History of Scotch: Take Time Travel to the Remarkable Journey of your Favourite Malt Whisky!

History of Scotch: Take Time Travel to the Remarkable Journey of your Favourite Malt Whisky!

Scotch, the competitive intoxicant drink actually goes by the name Scotch Whisky. Originated in Scotland, it has got that name. When you know that wheat not only serves the gut of a hungry human as bread, it also serves the alcohol palate of a h-angry human. You got that right when you already know that Scotch whisky is made out of wheat, and to be precise a grass variety.

Well, that's a lot to process in one single paragraph. A fan of whisky here, who doesn't like the taste though, is now even more eager to dig into the barrels of the drink, getting dizzy through its history. A brief point to be noted here that in this research process I came to know about some interesting cocktail mixes using Scotch, which will be shared at the end of the article.

Let us first clarify the toddler confusion of the commonality and the difference between Butterscotch and Scotch. They are definitely not the same. Butterscotch is made of less polished brown sugar and butter similar to caramel and toffee. It's the hardened version of them. Scotch is a type of whisky made with more authenticity in Scotland, while whisky is a similar drink made anywhere and everywhere. There is a special section in this article totally talking about it.

So, read on to know since when are we drowning in the sea of whisky.

Scotch's Remarkable Journey

The earliest mention of Scotch was in an order placed by the King and its receipt mentioned in the logbook. The popular accounts and finance handler of the Kingdoms, the Exchequer had maintained rolls of income and expenditure. It is in the year 1494, 1st of June, the receipt mentioned malt being given to a distiller to make barrels of "Aqua vitae". The word translates to "water of life".

Native Scottish are also referred to as the Gaelic who coined the origin of the term for whisky, the "water of life". Medicinal tonics and spirits consumed as intoxicating drinks have been the norm. But, making a drink out of the liquid used to make gunpowder ingredients moist, is the way of the Scottish legends. That was the first use of whisky before it was bottled up and aged in shelves to consumption.

Monasteries, the places where monks and nuns spend their lives away from the materialistic lives, were the places of Whisky distillation. Way to attain inner peace, which still applies to the hermit babas of marijuana high on the smoke of spirituality. These distillation centres were patronised by the kings and queens.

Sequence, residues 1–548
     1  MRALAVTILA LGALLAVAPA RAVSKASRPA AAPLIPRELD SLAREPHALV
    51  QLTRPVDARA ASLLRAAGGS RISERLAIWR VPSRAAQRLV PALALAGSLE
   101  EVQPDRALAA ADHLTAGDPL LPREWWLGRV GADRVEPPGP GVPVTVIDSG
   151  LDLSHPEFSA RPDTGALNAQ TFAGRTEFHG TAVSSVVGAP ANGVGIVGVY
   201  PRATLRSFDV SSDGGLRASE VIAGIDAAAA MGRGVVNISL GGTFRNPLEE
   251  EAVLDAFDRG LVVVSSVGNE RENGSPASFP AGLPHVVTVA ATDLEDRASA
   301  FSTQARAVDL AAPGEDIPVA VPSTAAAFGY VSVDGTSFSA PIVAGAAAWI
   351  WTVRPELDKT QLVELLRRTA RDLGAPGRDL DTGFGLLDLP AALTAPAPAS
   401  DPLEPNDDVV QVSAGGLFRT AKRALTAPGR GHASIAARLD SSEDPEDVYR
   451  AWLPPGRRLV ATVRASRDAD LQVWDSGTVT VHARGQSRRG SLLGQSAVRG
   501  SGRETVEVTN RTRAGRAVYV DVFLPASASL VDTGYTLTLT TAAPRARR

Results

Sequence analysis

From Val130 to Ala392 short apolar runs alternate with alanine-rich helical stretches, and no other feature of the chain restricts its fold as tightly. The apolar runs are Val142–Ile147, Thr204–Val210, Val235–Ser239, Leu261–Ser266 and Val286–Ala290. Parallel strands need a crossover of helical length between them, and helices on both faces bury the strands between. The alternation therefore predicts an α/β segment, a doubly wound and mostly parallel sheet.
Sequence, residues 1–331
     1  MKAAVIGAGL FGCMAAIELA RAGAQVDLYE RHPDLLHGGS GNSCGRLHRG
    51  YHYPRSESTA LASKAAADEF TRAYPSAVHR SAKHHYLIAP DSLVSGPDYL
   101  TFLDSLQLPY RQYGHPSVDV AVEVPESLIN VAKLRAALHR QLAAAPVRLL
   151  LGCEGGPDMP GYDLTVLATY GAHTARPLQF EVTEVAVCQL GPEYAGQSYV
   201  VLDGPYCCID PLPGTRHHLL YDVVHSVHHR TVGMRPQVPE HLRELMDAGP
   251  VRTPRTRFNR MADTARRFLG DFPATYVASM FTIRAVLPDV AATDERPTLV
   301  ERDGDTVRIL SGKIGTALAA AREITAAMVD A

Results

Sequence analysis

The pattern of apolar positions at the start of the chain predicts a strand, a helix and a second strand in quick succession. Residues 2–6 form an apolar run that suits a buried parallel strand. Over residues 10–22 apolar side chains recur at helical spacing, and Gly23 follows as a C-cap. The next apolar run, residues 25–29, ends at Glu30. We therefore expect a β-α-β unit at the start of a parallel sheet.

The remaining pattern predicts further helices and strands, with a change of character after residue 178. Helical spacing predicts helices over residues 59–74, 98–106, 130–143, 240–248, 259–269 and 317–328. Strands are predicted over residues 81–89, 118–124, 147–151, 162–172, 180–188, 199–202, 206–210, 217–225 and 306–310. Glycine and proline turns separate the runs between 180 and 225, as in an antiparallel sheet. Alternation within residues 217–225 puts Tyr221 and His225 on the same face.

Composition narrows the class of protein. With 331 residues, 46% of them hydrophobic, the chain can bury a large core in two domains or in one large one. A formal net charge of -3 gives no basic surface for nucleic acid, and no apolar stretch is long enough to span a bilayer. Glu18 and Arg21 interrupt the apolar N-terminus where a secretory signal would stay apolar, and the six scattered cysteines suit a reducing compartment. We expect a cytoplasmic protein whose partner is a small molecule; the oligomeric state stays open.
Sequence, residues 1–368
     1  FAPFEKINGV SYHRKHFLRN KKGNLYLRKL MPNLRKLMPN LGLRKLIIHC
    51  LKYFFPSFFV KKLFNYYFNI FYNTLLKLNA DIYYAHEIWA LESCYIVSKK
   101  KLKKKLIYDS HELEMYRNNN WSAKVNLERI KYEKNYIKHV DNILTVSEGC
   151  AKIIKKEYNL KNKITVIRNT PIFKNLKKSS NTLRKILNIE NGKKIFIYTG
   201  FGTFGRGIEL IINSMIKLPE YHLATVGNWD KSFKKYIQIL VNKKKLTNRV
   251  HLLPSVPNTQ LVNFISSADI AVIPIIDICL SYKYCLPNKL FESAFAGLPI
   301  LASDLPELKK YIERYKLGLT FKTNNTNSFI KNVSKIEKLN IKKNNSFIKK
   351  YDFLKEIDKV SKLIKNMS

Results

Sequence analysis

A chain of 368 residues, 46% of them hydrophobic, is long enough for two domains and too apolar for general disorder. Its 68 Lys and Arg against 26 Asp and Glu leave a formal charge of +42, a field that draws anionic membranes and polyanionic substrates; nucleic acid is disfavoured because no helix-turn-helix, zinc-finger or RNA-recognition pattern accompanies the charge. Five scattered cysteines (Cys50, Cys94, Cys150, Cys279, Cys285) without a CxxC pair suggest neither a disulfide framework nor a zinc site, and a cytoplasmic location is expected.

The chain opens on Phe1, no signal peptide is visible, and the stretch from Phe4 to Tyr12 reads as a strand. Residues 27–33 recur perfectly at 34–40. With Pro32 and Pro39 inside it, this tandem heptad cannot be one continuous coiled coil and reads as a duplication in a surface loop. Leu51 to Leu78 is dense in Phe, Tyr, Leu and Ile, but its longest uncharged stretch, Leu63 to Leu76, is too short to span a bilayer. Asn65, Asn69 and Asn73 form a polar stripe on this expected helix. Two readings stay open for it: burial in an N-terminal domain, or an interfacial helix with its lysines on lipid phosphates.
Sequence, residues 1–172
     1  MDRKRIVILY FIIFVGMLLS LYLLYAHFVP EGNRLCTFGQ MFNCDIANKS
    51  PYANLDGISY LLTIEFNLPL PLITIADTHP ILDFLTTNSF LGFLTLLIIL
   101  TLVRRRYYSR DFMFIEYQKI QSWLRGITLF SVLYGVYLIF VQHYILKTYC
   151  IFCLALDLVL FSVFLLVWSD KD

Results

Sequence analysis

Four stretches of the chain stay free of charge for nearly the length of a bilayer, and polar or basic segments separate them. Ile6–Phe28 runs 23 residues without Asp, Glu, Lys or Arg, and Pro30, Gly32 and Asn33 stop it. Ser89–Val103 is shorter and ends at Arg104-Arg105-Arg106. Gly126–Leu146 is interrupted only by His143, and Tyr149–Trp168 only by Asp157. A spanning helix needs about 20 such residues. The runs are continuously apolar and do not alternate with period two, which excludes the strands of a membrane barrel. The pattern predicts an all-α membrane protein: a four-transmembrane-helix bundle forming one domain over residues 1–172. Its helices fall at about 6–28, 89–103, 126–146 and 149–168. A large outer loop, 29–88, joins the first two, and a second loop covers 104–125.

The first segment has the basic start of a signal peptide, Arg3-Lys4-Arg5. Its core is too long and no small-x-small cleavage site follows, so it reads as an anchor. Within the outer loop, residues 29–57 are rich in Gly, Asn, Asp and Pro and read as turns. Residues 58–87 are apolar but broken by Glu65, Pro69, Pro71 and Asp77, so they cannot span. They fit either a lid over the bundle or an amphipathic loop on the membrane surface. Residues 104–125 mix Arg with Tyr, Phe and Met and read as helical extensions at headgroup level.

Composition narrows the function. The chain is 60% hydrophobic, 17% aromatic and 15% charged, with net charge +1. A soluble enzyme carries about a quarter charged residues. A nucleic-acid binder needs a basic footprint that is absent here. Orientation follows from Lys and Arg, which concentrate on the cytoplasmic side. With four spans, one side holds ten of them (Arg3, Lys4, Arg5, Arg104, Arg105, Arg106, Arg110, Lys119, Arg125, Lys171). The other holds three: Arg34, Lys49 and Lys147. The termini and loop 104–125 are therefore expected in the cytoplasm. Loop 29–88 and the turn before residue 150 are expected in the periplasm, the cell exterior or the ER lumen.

The Scottish king of the first half of the 16th century, King James IV, made this gunpowder whisky his most favourite drink. The wars of those times dethroned this king and coronated King Henry the VIII. The King of England now had a new rule. No more monasteries and no more free distilleries, so they did what they do best. They imposed taxes on malt and the skilled monks and nuns who if tried to open their own spirit making stations will be criminalised.

The first-ever malt tax was imposed in the year 1644. One thing for sure, we can learn from history is that, when the law is stricter, the people become smarter. It happened here once again when the people found new ways to illegally produce whisky. The whole place was divided into Highland and Lowlands when talking about whisky exports. The highlands usually escaped from the taxation but had distilleries infertile lands with plenty of water sources.

They had used more malt in the making of whisky and hence was considered better quality than of the lowlands. Lowlanders were monitored by the law, were given licences and are supposed to stick to the rules of quantity limitation of the drink. And hence they used more grain, which was devoid of such tax, in making whisky. Along came the Excise Act of 1823, by the Parliament of England, shutting down many Highland distilleries.

Whenever an act evolves, people come up with loopholes. The Highland distilleries owners agreed to pay the fine to the Crown to continue to operate their stills, now legally. For which the penalty was letting go of all the farmers, and farm help, who were left jobless and hopeless. These were the famous "clearances" of their estates.

Now the people who were let go had immense skills and managing abilities, so they joined hands in making this move. George Smith, a farmer in the year 1824 obtained the first licence apart from the estate owners. His company named Glenlivet Distillery was opened for the authentic making of single-malt Scotch. Many such independent distilleries and licences were sanctioned during that time. Many of which are still operational to this day.

The Scotch Whisky and its popularity went uphill from thereon. It was at these times, people also turned to be inventors. The pot stills which were the most commonly used ones came with a tedious task of cleaning them thoroughly after every batch. Sir Anthony Perrier was the first one to try a still of different shape, but he couldn't make the best out of his innovations.

But, Aeneas Coffey combined the designs of Robert Stein and Anthony, to create the patented Column Still. This invention solved the manual labour stress as it comes with little supervision and facilitates a continuous distillation process, undisturbed. Becoming the most economical invention in the making, this still was commercialised.